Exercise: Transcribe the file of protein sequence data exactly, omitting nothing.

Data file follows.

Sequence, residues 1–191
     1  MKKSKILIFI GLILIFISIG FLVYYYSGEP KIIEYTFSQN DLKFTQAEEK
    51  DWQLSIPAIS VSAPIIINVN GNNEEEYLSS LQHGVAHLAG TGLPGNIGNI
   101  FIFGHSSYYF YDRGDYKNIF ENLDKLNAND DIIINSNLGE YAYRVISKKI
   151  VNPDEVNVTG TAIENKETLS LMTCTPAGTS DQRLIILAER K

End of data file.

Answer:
Sequence, residues 1–191
     1  MKKSKILIFI GLILIFISIG FLVYYYSGEP KIIEYTFSQN DLKFTQAEEK
    51  DWQLSIPAIS VSAPIIINVN GNNEEEYLSS LQHGVAHLAG TGLPGNIGNI
   101  FIFGHSSYYF YDRGDYKNIF ENLDKLNAND DIIINSNLGE YAYRVISKKI
   151  VNPDEVNVTG TAIENKETLS LMTCTPAGTS DQRLIILAER K